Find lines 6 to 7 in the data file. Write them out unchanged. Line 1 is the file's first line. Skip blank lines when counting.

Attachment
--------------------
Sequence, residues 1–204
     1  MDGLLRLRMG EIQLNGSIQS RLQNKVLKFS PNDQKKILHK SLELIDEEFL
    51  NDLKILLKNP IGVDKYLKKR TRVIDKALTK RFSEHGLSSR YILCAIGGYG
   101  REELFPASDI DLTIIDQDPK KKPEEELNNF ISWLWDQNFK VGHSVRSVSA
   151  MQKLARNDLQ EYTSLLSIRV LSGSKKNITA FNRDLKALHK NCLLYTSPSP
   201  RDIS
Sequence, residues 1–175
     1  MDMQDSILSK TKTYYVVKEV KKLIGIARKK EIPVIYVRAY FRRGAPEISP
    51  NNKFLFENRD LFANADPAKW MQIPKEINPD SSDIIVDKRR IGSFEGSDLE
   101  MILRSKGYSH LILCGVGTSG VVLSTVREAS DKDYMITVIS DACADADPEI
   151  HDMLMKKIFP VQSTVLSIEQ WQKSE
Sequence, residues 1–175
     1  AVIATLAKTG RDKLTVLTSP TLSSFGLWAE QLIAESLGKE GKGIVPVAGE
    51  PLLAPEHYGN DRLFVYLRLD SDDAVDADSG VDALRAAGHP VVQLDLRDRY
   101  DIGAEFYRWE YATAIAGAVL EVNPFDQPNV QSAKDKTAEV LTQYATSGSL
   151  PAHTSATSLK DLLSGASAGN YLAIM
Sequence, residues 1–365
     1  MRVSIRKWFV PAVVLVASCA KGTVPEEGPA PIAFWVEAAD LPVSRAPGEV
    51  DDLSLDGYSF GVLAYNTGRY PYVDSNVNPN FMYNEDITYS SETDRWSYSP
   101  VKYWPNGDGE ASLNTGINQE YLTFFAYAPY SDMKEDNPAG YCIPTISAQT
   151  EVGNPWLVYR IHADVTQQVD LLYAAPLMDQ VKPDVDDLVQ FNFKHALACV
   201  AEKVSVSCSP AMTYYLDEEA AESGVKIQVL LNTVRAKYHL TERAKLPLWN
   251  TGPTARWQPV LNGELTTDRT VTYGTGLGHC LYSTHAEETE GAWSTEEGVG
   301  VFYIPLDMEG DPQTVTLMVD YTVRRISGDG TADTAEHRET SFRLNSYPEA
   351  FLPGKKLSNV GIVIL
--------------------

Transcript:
   201  RDIS
Sequence, residues 1–175